COVID is caused by the virus SARS-CoV-2. The virus spreads through the air from infected people, so it is essential that every effort is made to remove and reduce any contamination of the air we breathe.
When we breathe or speak, we generate tiny aerosols that cannot be seen by the naked eye.
Indoors, if the ventilation is poor, these aerosols accumulate and linger in the air over time – just like cigarette smoke, but invisible. People with new infections are most contagious just before they get sick, even when they don’t even cough.
A cough, sneeze, shouting or singing generates significant aerosols. Speaking and breathing are constant, so over time these may result in more aerosols lingering in the air than a single cough.
The longer we are indoors, the greater the risk of inhaling enough virus, if it is present, to be infected. Even vaccinated people have been infected indoors, especially with the Delta variant.
Both the World Health Organization and U.S. Centers for Disease Control and Prevention say that poor ventilation increases the risk of transmitting the coronavirus.
The best way to prevent harm
As with any other risk, employers must consider how to implement the most reliable ways to prevent harm. Multiple measures may need to be implemented in a workplace to control the risk.
Physical distancing and ventilation are essential precautions
The WHS Regulations require that ventilation enables workers to carry out work without risks to health and safety [WHS Reg 40.e].
As coronavirus is spread by breathing in contaminated air, clean air inside a building is essential.
There are several ways to improve air quality:
- increase the amount of outside air circulating by opening windows wherever it is possible – this includes in vehicles or mobile plant
- improve the indoor air quality by ensuring that the air conditioning systems are well maintained and circulating fresh air, not recirculating the air
- increasing the air exchange rate, which is the measure of the number of times the air inside a building gets replaced with air from outside in an hour. The actual air exchange rate required will depend upon the number of people and the size of the area.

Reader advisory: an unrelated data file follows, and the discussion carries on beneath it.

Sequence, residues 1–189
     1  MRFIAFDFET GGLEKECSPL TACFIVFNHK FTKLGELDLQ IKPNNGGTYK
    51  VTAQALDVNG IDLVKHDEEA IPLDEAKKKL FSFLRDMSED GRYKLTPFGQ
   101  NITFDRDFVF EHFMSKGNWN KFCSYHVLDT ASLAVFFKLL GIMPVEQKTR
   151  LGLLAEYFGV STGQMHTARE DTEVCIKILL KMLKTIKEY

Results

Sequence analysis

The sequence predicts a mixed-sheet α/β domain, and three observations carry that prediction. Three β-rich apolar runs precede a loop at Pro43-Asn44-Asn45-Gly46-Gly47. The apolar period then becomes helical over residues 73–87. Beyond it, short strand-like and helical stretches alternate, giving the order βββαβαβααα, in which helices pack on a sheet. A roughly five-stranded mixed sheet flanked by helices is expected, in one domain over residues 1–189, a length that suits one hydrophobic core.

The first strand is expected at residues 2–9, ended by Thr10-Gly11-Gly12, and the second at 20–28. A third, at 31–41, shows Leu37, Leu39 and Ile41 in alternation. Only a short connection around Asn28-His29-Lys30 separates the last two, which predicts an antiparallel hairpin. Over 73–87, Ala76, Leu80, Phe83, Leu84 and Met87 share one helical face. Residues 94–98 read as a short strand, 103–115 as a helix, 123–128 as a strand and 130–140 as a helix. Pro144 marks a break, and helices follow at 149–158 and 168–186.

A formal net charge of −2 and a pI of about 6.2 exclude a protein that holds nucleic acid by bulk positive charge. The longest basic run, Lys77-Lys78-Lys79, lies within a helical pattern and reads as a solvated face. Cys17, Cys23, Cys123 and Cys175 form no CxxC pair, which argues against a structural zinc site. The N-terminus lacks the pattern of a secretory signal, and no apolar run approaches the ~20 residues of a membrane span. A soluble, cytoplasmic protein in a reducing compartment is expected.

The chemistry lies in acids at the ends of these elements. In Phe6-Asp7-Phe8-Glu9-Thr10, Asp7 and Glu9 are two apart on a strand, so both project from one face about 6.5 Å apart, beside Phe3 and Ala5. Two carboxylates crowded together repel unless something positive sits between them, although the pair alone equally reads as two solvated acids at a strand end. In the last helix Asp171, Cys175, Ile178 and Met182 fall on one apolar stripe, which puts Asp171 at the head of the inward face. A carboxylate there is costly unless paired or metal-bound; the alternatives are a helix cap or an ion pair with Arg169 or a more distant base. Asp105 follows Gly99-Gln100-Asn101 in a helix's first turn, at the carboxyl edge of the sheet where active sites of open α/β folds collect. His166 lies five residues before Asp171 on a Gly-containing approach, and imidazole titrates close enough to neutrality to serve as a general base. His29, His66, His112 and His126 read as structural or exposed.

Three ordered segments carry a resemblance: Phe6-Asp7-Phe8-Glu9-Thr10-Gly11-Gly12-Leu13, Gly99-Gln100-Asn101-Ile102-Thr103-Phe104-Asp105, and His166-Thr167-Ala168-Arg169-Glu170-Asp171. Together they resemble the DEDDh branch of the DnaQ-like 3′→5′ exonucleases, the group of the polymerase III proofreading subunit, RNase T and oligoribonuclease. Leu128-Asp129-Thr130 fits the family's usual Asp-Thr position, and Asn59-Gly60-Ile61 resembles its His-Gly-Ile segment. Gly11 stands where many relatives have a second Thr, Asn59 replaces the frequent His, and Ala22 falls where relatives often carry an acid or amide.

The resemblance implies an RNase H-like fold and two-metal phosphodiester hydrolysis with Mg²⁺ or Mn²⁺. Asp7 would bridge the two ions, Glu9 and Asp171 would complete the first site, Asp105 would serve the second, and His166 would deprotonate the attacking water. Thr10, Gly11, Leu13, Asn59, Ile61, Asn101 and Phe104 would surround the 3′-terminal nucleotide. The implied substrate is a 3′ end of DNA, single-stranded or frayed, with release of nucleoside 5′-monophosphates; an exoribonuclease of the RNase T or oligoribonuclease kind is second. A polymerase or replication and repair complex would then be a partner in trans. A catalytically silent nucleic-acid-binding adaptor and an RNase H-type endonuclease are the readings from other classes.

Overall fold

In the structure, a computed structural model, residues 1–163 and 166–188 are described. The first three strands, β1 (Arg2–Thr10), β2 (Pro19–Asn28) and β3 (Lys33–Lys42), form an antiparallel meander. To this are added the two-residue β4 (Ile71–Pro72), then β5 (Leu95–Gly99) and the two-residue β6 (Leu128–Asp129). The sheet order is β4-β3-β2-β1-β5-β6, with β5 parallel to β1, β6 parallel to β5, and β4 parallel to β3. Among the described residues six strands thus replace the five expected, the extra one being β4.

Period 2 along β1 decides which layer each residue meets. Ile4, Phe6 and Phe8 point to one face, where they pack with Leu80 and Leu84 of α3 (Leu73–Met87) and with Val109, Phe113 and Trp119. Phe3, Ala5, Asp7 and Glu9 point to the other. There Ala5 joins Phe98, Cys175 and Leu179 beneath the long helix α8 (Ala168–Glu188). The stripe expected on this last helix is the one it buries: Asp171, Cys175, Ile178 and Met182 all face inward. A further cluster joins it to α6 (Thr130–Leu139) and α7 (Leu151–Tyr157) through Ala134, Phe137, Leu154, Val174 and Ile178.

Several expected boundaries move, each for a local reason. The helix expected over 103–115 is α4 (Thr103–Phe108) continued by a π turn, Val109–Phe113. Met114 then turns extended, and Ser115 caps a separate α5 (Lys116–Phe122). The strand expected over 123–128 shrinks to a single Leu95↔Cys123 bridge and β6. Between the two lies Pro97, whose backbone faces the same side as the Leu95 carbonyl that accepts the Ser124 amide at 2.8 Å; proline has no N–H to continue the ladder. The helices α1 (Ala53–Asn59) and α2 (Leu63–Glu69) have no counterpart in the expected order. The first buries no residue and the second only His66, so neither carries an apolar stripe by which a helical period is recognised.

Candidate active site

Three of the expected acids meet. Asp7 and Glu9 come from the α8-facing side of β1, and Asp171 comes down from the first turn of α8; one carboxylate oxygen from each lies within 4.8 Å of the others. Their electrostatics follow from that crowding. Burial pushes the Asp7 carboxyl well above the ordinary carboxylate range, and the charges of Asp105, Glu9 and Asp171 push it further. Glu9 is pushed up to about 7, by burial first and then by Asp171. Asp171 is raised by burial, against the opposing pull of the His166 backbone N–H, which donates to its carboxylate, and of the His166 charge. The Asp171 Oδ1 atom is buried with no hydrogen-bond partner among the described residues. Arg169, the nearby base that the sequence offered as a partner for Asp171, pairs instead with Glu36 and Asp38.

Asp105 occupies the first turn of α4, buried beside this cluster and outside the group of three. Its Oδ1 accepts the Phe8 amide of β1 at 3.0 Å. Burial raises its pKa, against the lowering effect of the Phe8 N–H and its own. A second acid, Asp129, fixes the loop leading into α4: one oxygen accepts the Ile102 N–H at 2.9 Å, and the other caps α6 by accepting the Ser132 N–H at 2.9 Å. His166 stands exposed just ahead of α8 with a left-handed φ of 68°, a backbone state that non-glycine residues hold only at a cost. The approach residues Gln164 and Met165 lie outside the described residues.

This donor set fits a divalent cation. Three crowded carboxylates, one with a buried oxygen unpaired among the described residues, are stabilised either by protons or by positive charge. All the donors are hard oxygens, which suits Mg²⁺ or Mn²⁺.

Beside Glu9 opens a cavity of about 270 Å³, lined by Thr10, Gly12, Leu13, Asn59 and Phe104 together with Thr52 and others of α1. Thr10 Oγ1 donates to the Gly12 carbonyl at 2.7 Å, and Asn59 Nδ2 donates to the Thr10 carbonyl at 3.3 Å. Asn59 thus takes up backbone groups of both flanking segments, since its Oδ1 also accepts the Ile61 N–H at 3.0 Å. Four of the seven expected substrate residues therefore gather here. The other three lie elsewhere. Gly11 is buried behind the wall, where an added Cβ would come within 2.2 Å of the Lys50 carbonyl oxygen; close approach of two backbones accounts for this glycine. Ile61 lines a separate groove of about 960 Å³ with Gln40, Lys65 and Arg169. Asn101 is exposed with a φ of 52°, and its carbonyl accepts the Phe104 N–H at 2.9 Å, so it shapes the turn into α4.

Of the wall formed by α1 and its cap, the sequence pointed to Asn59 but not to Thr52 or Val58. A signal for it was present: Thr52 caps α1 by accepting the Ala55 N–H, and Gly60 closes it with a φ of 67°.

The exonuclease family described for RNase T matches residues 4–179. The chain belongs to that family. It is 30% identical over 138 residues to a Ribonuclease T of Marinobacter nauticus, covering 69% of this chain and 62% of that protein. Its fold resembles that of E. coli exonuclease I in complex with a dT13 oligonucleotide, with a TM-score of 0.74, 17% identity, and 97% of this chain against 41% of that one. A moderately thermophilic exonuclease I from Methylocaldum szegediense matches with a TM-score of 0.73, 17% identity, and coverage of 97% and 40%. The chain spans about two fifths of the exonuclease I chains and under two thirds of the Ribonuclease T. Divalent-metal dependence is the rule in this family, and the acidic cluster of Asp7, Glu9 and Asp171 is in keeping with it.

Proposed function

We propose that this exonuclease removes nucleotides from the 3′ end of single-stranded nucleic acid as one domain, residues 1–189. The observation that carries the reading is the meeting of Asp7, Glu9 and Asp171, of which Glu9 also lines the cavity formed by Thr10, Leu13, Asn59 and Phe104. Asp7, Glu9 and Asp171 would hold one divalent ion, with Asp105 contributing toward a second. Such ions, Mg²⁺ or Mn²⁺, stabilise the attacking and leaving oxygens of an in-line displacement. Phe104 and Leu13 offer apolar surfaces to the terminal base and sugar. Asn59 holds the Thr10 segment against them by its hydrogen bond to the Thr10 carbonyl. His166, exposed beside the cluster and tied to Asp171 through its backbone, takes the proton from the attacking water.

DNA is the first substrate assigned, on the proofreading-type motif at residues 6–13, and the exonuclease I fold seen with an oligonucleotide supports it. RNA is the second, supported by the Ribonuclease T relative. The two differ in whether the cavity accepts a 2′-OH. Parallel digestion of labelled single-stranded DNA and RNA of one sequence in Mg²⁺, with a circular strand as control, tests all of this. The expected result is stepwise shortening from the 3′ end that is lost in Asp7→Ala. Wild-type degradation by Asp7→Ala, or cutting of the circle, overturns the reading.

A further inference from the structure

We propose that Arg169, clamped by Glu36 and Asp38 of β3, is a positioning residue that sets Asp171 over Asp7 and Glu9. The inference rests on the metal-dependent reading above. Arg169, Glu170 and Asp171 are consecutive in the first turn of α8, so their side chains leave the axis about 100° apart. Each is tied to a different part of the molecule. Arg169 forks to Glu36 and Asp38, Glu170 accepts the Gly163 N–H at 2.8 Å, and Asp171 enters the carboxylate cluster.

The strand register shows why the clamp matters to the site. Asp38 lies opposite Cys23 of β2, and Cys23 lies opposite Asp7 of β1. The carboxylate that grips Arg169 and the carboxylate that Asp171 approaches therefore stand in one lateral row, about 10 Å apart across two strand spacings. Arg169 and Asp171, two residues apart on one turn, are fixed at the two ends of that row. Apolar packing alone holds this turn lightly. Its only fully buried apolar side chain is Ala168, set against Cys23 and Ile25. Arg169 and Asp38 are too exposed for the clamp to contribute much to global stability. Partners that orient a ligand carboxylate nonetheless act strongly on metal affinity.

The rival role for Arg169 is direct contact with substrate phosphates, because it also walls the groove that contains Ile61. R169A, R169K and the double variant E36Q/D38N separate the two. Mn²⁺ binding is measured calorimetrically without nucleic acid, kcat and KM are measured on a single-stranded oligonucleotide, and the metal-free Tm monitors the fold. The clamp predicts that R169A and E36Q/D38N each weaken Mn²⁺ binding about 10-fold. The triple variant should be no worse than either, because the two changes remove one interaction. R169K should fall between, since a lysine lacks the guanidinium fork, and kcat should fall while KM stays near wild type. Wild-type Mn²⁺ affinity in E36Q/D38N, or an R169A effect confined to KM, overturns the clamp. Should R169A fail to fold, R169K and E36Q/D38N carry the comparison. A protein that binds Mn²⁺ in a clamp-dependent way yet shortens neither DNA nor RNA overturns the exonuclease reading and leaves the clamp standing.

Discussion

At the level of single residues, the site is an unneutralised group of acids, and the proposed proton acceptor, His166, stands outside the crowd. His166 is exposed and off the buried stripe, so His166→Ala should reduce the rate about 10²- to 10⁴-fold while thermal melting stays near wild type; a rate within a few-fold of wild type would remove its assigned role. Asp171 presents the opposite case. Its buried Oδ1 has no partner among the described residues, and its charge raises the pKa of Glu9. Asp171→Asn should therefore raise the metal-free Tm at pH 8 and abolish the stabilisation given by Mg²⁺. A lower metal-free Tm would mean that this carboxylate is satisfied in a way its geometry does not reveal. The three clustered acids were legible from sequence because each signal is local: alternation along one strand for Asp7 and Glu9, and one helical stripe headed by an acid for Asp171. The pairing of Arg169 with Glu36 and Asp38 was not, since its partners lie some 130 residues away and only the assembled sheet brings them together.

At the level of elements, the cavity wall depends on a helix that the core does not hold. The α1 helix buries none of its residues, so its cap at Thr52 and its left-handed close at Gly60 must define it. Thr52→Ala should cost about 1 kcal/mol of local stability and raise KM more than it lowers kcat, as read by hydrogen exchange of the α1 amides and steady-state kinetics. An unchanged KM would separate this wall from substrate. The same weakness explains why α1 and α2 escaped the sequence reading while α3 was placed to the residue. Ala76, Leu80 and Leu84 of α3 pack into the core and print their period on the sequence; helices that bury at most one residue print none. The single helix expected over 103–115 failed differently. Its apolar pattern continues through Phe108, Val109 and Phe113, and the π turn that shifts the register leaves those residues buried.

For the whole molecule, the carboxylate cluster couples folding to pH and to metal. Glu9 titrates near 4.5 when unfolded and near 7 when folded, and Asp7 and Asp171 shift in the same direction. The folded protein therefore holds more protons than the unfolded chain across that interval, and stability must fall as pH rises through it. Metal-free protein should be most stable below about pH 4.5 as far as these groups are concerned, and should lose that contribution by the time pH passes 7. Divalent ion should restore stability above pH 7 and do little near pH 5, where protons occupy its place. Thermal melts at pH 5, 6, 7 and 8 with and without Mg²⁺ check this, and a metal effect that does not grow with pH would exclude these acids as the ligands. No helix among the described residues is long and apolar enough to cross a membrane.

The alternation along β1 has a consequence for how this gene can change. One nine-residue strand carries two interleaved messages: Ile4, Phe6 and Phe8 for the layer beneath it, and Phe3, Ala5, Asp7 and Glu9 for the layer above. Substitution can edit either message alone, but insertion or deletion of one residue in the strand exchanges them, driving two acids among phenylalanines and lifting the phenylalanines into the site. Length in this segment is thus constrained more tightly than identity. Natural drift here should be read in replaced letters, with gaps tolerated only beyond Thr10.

- if it is not possible to do either of the above, the use of portable air cleaners should also be considered. Note – but these must be maintained – e.g. external cleaning with special wipes, but cleaning and maintaining the filters from deep in the machines must be done using precautions.
To check whether there is enough fresh air circulating, monitors can be used that check the levels of CO2. The outside air we breathe is about 300-500 ppm of CO2. Indoor C02 levels need to be kept lower than 1000ppm.
NOTE: CO2 is only a measure of how much (or little) fresh air is circulating not a measure of whether there is any virus in the air.
Expert assistance is required to ensure that air exchange rates and filtration systems remove contaminants, limit the circulation of contaminated air and keep levels of CO2 down.
It is important that fresh ventilation exhaust outlets need to be avoided are:
not near where people work or walk by
away from any inlets for the fresh air. Drawing in contaminated air must be avoided.
Health Care settings
For health care settings there are specific ventilation requirements for isolation rooms, including negative pressure rooms.
Respiratory protection, like other personal protective equipment (PPE), is the lowest level of control. PPE should be used in addition to addressing ventilation, not instead of it.
Settings where workers are working with known or potential COVID positive people will also need a higher level of respiratory protection than other workers. Given the increase in the latest highly infectious variant of Omicron, the use of P2/N95 masks is strong encouraged for indoor spaces where ventilation may be poor e.g. lifts, stairwells, public transport.
These masks provide a very close facial fit and efficient filtration of airborne particles. It is important that workers are fit tested to ensure proper fit are also fit checked on each occasion to ensure that it is applied correctly.
Your union can support you if you have concerns about ventilation at your workplace. Contact the Australian Worker Support Centre for advice.
Funding for this factsheet was provided by:
- the Victorian Government as part of the uTech project; and
- the Fair Work Ombudsman.
Please note that the information given here is general information only and is not legal advice. For further assistance, it is recommended you speak to your union.